The pair began their climb up into the city. They first walked across a rickety pontoon bridge that floated on boats anchored in the fast-flowing Yangzi. They were followed by the embassy driver and a small squad of ban-ban men, the well-muscled porters who had slung Needham’s innumerable pieces of baggage onto the thick bamboo poles they held yok
By the time they reached the top, and the lowermost of Chongqing’s ziggurat of streets, Needham was perspiring heavily. It was well over ninety-five degrees that afternoon, and the humidity was as high as in Mississippi in July: people had warned him that Chongqing was one of the country’s three “great furnaces.” But he knew more or less what to expect: “The man who is selected to come to China,” his letter of appointment had stated, “must be ready for anything.”
The driver unlocked his jeep, and began loading Needham’s gear. King’s Messenger Pratt, his duty now complete, shook Needham by the hand, remarking gruffly that he hoped Needham would be happy in China, and that it had been a privilege to have escorted so remarkable a man. He saluted, and scurried off down a side street where a car was waiting for him.
Needham took a cigarette from a case in his shirt pocket, lit it, inhaled deeply, and gazed down to the river below. The scene was mesmerizing: sailing junks, salt barges, and sampans made their way languidly across the immense stream, while armed patrol vessels and navy tenders pushed more urgently against the current, bent on more pressing business. The aircraft on which he had arrived took off with a roar, rose quickly, and turned away, diminishing into a speck above the mountains that ringed the city. Everything that he could see and hear as he leaned over the terrace—the boom of a siren from a passing cargo ship, the constant jangle of rickshaw bells in the streets beside him, the ceaseless barrage of cries and shouted arguments from within the tenements that rose about him; and then the smells, of incense smoke, car exhaust, hot cooking oil, a particularly acrid kind of pepper, human waste, oleander, and jasmine—all served to remind him of one awesome, overwhelming reality: that he was at last here, in the middle of the China he had dreamed of for so long.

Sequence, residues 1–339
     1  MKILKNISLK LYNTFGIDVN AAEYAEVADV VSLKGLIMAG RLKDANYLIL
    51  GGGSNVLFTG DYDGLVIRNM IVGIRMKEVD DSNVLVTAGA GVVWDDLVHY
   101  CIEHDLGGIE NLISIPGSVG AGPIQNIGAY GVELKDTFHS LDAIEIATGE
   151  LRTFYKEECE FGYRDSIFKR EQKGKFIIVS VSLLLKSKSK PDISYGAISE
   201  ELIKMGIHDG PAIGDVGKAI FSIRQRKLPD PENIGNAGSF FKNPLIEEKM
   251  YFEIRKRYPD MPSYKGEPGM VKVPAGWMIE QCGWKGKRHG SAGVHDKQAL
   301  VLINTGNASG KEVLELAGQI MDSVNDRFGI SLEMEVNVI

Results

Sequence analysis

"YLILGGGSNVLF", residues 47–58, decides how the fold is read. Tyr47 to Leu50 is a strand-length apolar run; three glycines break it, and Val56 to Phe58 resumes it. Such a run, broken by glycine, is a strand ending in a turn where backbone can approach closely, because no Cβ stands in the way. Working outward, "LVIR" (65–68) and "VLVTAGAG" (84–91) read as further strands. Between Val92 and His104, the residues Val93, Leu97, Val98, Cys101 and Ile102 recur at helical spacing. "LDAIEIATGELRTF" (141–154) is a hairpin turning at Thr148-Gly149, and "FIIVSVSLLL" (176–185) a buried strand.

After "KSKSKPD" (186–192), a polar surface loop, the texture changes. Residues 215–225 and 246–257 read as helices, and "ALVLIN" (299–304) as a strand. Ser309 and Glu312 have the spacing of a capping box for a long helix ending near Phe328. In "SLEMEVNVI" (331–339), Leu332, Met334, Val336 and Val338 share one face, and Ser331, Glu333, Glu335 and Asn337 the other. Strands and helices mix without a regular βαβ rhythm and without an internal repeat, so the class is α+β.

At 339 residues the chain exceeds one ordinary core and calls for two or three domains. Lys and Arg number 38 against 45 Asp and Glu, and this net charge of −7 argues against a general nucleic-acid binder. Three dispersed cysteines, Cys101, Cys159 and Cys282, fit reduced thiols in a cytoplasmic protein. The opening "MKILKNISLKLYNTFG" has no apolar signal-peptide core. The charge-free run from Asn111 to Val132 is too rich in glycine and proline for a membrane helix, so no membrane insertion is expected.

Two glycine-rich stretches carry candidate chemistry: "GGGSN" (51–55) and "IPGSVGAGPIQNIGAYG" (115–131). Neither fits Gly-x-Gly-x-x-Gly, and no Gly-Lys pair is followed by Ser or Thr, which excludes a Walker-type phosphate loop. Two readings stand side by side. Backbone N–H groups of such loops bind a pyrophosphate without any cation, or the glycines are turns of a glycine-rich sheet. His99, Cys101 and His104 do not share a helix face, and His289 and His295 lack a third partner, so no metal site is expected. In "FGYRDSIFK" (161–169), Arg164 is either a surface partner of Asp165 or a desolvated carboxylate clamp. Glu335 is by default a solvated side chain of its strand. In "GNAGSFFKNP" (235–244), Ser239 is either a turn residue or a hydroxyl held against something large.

It was all terrifyingly different from the world he already knew. Just a few months before, he had been comfortably harbored in the quiet of his life at Cambridge University, his days spent either working at his bench in his laboratory or studying in his small suite of rooms in the heart of a fourteenth-century college. The world he knew there was a place of English flower gardens, new-mown lawns, ivy-covered courtyards, an ancient chapel, a library that smelled of leather and beeswax, and—rising from the city beyond its walls—the gentle sounds of the amiably disagreeing clocks chiming the hours and the quarters. It was a haven of civilized peace and academic seclusion, of privilege and exclusivity.
And now he had been transported to this ruined city, wrecked by years of war, a place still jittery and confused. He sat in the front seat of the jeep as his driver set off for the half-hour drive to the embassy. It was by now late in the afternoon; the sun was setting through the brown, smoky skies behind the hills; and lanterns were being lit in the darker streets as they passed.